Graft busting body, the Anti-Corruption Bureau (ACB) has refused to be drawn to comment on whether former president Joyce Banda would be arrested on arrival on corruption charges to do with Mudzi Transformation Trust.
ACB spokesperson Egritta Ndala said although investigations on her alleged receipt of K7 billion from an oil drilling firm are still going, people should not mix up issues; her coming back to Malawi after a self imposed four year exile and the corruption charges she is to face.
“We will not be drawn to comment, these are two different issues,” said Ndala.
The five-year project, which started in 2013, sought to build houses for vulnerable people with a target of 20 000 villages nationwide. However, just over 500 houses were built at the end of Banda’s term in May 2014.
The ACB investigation is in relation to donations companies exploring for oil on Lake Malawi made to the trust, among them drugs, medical supplies and maize.
It is reported that the investigation is on donated drugs and medical supplies worth over $1 million (about K730 million) handed over to Banda at Kamuzu Palace in Lilongwe in March 2014.
In February 2014, the Khalifa Bin Zayed Foundation of United Arab Emirates also donated 13 500 metric tonnes of maize which Banda directed should be handled through Mudzi Transformation Trust. Parliamentary candidates for Banda’s People’s Party (PP) were tasked with the job of identifying beneficiaries.
The donations were allegedly part of the corporate social responsibility component of the licences awarded to the companies, but these were misused.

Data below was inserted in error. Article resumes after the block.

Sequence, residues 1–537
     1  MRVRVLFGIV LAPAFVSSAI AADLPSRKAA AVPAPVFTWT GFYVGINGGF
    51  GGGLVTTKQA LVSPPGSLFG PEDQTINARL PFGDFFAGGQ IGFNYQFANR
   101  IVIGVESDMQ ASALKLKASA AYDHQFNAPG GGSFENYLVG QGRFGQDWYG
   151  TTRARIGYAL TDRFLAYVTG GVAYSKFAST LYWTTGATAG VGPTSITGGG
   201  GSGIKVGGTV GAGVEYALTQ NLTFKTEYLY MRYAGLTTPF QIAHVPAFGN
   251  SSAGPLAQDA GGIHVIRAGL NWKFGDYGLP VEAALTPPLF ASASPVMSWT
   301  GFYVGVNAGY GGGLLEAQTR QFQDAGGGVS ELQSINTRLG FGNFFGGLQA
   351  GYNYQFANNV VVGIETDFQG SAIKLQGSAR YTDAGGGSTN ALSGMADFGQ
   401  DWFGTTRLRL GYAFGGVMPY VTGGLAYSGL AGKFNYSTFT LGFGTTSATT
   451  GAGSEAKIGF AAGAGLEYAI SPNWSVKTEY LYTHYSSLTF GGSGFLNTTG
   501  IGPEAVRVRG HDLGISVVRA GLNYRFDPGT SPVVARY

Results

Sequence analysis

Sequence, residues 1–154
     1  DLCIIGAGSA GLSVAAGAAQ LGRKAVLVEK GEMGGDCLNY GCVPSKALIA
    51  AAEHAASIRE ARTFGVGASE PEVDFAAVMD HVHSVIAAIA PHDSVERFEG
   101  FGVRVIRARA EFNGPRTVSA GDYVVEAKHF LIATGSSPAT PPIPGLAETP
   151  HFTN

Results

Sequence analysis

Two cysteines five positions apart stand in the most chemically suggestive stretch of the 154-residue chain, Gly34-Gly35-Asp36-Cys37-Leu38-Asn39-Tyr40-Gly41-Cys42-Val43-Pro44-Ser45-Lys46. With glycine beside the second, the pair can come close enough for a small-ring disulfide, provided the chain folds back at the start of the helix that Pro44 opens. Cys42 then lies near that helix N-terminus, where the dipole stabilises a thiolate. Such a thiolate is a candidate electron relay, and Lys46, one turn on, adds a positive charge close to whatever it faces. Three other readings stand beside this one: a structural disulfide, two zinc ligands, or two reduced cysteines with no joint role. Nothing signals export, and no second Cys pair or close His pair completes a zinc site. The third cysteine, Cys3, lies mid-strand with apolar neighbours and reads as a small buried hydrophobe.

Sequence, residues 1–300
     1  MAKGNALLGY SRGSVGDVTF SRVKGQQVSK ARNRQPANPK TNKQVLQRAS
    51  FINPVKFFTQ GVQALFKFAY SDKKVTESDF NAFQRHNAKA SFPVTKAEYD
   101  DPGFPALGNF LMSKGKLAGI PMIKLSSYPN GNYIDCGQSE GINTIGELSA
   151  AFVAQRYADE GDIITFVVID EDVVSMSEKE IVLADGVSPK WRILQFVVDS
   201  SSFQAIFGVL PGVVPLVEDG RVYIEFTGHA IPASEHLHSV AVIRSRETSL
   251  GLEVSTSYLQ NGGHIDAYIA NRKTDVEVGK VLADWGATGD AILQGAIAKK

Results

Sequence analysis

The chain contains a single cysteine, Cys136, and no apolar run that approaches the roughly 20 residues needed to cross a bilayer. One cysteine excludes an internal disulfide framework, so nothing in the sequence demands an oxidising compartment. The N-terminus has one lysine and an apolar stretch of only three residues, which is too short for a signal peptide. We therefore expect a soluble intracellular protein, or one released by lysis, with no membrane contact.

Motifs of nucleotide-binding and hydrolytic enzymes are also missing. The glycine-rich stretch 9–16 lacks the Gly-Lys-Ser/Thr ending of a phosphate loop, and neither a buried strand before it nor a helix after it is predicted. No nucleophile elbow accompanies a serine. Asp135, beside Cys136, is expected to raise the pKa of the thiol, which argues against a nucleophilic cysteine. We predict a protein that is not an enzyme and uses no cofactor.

Mudzi Transformation Trust was established through the Trustee Incorporation Act in 2013 but it has remained inactive since Banda went out of government in June 2014.
Banda launched the initiative in May 2013 at Nthoso Village, Traditional Authority Khongoni in Lilongwe.
A political analyst at Chancellor College Nandin Patel has since welcomed the coming back of Banda, saying it might level the political playing field.
“The political landscape might not be the same. Her arrival will define the current political landscape because she has her own base and her own constituency,” she said.
Patel said Banda’s political participation in the run up to the 2019 polls will increase political competition, which she said is good for the country.
Currently, the political landscape is dominated by the ruling Democratic Progressive Party (DPP) and the main opposition, the Malawi Congress Party (MCP).
Patel, however warned her against going into political alliances before looking into details.Follow and Subscribe Nyasa TV :